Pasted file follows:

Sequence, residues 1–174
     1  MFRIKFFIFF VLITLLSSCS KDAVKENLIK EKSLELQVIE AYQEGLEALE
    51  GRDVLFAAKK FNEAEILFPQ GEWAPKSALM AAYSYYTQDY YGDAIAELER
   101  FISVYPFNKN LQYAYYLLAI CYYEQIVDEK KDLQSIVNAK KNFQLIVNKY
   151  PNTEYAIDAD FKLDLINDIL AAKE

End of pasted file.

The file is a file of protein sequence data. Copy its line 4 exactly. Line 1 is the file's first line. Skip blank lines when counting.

   101  FISVYPFNKN LQYAYYLLAI CYYEQIVDEK KDLQSIVNAK KNFQLIVNKY